The creation of the festival throws up several ethical issues facing the judges, including the stipulation that "offensive" material is ruled out in the contracts drawn up for submissions from the movie's producers.
ARTHOUSE FARE LOST IN SUMMER SHUFFLE
With a combo of horror and Michael Moore's "Sicko" dominating the summer indie scene, the fall and winter just became more crucial for arthouse fare looking to build awards momentum as no clear frontrunner has emerged.
Among independent companies and studio specialty arms, the big box office earner of the summer was the Weinstein Co., which turned out sleeper horror hit "1408," docu "Sicko" and, during the Labor Day weekend, Rob Zombie's record-breaking "Halloween."
In recent years, indie distribs have staked out the summer months as a place to provide sophisticated counterprogramming and get a jump on awards season. Last year, "Little Miss Sunshine" bowed in late July; in 2005, Lionsgate opened "Crash" in early May.
But with the debut of one successful studio pic after the next this summer, indie distribs and studio specialty arms had trouble drawing attention to their pics and keeping even the most successful ones in theaters. How much this pattern will affect future release strategies remains to be seen.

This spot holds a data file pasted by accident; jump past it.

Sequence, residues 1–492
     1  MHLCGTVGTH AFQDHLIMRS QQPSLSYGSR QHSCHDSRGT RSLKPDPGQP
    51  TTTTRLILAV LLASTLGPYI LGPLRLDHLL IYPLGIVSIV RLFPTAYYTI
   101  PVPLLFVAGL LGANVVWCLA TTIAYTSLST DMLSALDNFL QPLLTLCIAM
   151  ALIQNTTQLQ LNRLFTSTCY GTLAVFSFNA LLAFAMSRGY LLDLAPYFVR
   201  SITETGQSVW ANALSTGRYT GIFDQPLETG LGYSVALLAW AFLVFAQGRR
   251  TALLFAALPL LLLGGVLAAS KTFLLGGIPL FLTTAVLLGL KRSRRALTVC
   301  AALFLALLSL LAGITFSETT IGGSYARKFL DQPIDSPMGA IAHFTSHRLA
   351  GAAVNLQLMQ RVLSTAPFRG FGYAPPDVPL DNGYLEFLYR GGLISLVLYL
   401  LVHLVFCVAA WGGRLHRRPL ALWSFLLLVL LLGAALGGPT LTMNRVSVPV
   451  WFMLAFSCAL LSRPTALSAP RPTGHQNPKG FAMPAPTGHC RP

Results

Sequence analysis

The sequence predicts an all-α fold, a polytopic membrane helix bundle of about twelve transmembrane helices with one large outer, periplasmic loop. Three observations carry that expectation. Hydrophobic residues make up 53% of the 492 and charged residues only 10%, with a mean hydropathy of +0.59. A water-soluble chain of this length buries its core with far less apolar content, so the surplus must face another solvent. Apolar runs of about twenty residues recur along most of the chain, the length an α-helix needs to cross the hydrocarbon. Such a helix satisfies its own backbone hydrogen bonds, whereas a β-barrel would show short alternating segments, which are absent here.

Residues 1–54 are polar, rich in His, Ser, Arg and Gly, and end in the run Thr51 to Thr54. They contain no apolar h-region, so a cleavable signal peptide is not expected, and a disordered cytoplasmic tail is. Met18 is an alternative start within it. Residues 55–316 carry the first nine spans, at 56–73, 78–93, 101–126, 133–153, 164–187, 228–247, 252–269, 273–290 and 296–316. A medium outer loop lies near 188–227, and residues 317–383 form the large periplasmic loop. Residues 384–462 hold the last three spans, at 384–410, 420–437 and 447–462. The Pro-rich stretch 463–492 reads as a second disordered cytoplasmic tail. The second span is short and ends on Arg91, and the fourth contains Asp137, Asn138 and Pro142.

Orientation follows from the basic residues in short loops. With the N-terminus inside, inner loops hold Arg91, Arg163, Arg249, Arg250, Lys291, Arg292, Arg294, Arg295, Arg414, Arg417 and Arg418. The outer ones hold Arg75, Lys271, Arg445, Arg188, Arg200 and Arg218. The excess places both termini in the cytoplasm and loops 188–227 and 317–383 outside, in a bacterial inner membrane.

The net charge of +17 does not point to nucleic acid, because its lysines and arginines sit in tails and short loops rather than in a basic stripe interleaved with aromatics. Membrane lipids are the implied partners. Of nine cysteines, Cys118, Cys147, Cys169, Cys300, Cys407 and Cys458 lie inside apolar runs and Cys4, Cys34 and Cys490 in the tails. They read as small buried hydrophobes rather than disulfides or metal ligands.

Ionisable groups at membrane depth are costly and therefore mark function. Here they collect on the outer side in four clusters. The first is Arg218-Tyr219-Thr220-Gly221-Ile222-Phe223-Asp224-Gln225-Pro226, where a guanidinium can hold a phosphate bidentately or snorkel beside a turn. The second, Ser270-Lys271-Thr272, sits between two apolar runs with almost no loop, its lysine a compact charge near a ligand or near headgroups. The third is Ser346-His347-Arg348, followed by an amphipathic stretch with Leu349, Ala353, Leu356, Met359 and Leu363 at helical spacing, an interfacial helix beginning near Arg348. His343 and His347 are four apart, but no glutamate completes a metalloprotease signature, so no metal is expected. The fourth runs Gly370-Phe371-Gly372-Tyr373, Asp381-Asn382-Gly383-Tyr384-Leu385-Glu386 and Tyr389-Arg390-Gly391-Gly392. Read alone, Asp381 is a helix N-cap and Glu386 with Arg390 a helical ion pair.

Even "Sicko," with its star filmmaker, began losing screens despite its respectable grosses. To date, the film's cume is $24 million, putting it on the verge of becoming the third highest grossing docu of all time after "Fahrenheit 9/11" and "The March of the Penguins."
If TWC was the big grosser, Fox Searchlight enjoyed enviable success on the arthouse feature side. Searchlight's "Waitress" is one of the top specialty earners of the summer, grossing nearly $19 million, while "Once" grossed $7.7 million and sci-fi thriller "Sunshine" collected $3.5 million.
Bob Berney's Picturehouse likewise fared well with Edith Piaf biopic "La Vie en rose," which has grossed $9.5 million to date and earned star Marion Cotillard some awards buzz.
Focus Features' summer lineup included Jane Austen biopic "Becoming Jane," starring Anne Hathaway, which has grossed more than $14 million to date, and "Evening," which has brought in $12.5 million.
Samuel Goldwyn Films' female-skewing "2 Days in Paris," written and directed by Julie Delpy, also is faring solidly early in its run, with a cume of $1.9 million.
Still, the box office success of horror titles this summer reinforces the notion that studio specialty arms and indie production companies need to balance out their slates with more commercial genre titles.
"Halloween" grossed a whopping $31 million from 3,472 runs over the four-day Labor Day weekend, by far the best ever opening for the holiday.
"We're thrilled. I think 'Halloween' is an iconic movie, and I think adding Rob Zombie to the mix was just the right move. I think the fact that he didn't just remake it but gave it his own twist -- that's what really appealed," TWC co-chair Bob Weinstein said.